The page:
The beauty and the complexity of turbulence

Joris Coddé

In 1920, Lewis F. Richardson wrote

“Big whorls have little whorls
That feed on their velocity,
And little whorls have lesser whorls
And so on to viscosity.”

This blog post discusses the topic of turbulence, which is excellently captured in the poem of L.F. Richardson above. The picture displays the behavior very well. It is an inherently complex subject though. For Coldstream users, understanding the basics of turbulence and turbulence modeling will help reach more accurate results.

Figure 1: Turbulent vortex at the tip of an air plane wing. Source NASA Langley Research Center (NASA-LaRC)

Turbulent flows are common in real life, think for example of the blood flow in your veins, the air flow over the wing of a plane, breaking waves at the beach, ….

The beauty of turbulent motions inspired artists such as Van Gogh:

Figure 2: Starry Night, Van Gogh. The eddies in the painting are remarkably close to the concept of “Kolmogorov scaling”.

Its complexity still appalls scientists though. The Nobel Prize Werner Heisenberg said in 1932 that if he were allowed to ask God two questions, they would be, “Why quantum mechanics? And why turbulence?”. He was pretty sure God would be able to answer the first question! We’re still on to the turbulence question, as one of the millennium prizes is on the solution of the Navier-Stokes equations, the equations which describe the motion of the fluid flow.

Nevertheless, we have learned a great deal about turbulent phenomena. Especially the modeling of turbulent flow has made big steps forward - for example, nowadays one can include turbulence in industrial simulations, as we do in ColdStream.

How to distinguish between laminar and turbulent flow?

In fluid dynamics, flow can either be considered laminar or turbulent. In the first case, the fluid particles follow a smooth path with almost no mixing or disruption between adjacent paths. On the other hand, in turbulent flow, the flow becomes very irregular and the fluid particles follow a chaotic path, full of eddies, swirls, and flow instabilities. The picture below displays both regimes.

Figure 3: The plume from this candle flame goes fromlaminar to turbulent. The Reynolds number can be used to predict where this transition will take place (Gary Settles)

The characterization of laminar and turbulent flow regimes is quantitatively captured by the Reynolds number:

\[Re = \frac{\rho\space \upsilon \space L}{\mu}\]

Where ρ is the density, v the velocity, L the reference length scale, and μ the viscosity. It’s the dimensionless ratio between inertial and viscous forces. For instance, when the Reynolds number is smaller than 2300 in circular tubes, a laminar flow regime will occur. If the Reynolds number is higher than 4000, the flow will be turbulent. Everything in between is called the transitional regime.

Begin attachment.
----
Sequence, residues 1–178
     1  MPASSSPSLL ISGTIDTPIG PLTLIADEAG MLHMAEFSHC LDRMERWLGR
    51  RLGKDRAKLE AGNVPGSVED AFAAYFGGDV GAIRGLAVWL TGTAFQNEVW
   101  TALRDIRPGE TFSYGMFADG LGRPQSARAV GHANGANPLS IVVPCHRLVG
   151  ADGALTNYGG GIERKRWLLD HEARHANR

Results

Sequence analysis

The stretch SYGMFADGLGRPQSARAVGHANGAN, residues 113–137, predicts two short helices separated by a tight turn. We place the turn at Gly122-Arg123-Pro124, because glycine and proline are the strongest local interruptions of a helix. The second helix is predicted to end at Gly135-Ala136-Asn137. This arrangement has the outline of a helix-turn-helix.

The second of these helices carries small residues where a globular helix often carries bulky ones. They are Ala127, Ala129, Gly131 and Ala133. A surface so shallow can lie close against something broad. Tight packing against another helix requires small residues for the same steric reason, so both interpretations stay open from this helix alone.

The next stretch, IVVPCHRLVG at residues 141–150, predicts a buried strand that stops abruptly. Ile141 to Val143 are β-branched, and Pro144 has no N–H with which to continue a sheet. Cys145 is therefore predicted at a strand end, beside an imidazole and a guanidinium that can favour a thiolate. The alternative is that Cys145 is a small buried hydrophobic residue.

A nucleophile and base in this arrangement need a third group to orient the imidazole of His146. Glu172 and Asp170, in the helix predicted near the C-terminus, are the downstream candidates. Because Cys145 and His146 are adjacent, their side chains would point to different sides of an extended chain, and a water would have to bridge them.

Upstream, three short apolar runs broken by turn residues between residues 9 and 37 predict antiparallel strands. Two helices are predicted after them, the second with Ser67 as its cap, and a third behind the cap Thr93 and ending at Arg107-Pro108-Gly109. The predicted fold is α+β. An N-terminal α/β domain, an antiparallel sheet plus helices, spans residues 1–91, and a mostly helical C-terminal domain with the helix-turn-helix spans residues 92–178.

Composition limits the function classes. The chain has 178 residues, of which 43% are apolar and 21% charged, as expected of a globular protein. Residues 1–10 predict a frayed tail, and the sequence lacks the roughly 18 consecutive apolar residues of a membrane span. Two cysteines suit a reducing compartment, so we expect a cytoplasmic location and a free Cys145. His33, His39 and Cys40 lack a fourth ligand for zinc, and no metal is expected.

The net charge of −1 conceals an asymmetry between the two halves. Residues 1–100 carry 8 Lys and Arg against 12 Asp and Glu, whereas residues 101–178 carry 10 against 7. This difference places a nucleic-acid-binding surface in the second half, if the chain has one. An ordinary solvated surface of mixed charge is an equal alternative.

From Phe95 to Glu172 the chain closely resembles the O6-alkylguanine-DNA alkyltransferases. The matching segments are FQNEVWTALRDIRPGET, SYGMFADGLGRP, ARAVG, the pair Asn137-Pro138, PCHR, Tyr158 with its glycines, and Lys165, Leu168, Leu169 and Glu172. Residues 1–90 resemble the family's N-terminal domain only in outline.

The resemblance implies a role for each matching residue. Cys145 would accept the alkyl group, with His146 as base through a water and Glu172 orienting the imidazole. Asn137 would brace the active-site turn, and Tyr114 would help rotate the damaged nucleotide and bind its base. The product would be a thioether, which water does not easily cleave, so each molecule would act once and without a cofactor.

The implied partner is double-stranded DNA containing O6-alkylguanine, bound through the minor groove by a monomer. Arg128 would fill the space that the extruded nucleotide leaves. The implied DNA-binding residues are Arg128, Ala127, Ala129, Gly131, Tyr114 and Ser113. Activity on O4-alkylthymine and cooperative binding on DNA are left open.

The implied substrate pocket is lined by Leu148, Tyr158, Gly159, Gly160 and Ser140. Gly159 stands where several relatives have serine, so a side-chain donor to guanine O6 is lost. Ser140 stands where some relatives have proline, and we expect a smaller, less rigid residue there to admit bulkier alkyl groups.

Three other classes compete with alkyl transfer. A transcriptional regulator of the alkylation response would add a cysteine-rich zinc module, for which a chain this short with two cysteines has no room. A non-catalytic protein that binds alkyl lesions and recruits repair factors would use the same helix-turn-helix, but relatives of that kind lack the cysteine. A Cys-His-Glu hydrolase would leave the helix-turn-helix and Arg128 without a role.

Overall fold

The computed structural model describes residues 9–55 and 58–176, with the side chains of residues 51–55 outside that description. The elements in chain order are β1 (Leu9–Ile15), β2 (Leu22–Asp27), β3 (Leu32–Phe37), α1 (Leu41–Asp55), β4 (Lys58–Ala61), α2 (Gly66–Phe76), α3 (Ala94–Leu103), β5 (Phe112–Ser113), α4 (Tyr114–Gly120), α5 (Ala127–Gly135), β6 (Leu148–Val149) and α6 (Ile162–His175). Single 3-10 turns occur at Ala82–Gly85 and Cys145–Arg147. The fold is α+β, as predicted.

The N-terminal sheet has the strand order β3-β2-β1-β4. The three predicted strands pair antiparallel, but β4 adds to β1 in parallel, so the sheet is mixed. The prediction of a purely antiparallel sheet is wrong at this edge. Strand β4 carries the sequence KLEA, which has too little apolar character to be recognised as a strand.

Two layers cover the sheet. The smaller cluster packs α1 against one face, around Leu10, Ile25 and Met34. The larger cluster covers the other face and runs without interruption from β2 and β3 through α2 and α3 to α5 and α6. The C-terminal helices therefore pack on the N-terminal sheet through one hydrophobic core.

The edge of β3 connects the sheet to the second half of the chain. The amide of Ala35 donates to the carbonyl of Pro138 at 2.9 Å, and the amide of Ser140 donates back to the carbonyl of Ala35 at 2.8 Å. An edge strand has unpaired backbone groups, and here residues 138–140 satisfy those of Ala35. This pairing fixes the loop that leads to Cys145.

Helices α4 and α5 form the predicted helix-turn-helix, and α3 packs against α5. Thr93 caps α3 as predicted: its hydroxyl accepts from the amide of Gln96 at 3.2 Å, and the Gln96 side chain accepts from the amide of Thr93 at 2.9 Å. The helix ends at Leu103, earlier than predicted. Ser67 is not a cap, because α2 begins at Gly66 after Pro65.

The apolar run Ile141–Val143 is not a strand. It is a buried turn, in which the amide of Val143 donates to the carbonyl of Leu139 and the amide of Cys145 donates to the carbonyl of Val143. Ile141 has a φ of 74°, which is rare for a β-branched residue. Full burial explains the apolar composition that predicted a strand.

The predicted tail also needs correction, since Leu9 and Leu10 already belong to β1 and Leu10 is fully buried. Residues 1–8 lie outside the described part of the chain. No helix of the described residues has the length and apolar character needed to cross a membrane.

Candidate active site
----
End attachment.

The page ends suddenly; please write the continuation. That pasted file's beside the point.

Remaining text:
A typical heat transfer application has internal flow, meaning the flow is confined to channels (as opposed to external flow, where there is free-stream flow around an object). For this application, the Reynolds number is the easiest to calculate at the inlet, with L being the hydraulic diameter of the inlet and v being the velocity at the inlet.

How do we include turbulence in ColdStream?

When running simulations with turbulent flow, the turbulence needs to be resolved or an appropriate model needs to be selected. Turbulence models are simplified constitutive equations that predict the evolution of the turbulent flow.

For the industrial problems that are solved on ColdStream, flow is either considered laminar – meaning no turbulent equations are solved – or turbulent, modeled through “RANS”-type equations. RANS stands for “Reynolds-averaged Navier-Stokes” equations, which model the time-averaged effect of turbulence on flow. It is considered sufficiently accurate for industrial use, provided a suitable model is chosen [1]. Coldstream proposes the kOmegaSST turbulence model – in general, it is more able to capture flow phenomena than other RANS models. However, you can change the model based on the following flow chart:

Figure 4: Flow chart for the correct turbulence modelfor a case

First, the Reynolds number of the flow should be estimated, to determine whether or not your case is turbulent. It is acceptable to make assumptions and simplifications regarding the geometry or parameters for this. If the Reynolds model is larger than 4000, the phase of the fluid is taken into account. Then, for gasses (generally air), it is distinguished between internal and external flow. For more detailed information on the different models, please refer to our documentation.

Figure 5: Turbulent flow as displayed in ColdStream.


Turbulence is still an interesting research topic and will remain so in the upcoming years. While theoretical advancement has been slow, we can still enjoy the benefits of turbulence modeling in CFD – being accurate enough for industrial use. For a more in-depth explanation, as well as advice on which turbulence model is the best to use, visit this page.

[1] J. Gorman, S.Bhattacharyya, L. Cheng, and J. Abraham, "Turbulence Models Commonly Usedin CFD", in Computational Fluid Dynamics [Working Title]. London, UnitedKingdom: IntechOpen, 2021 [Online]. Available: doi: 10.5772/intechopen.99784

Continue reading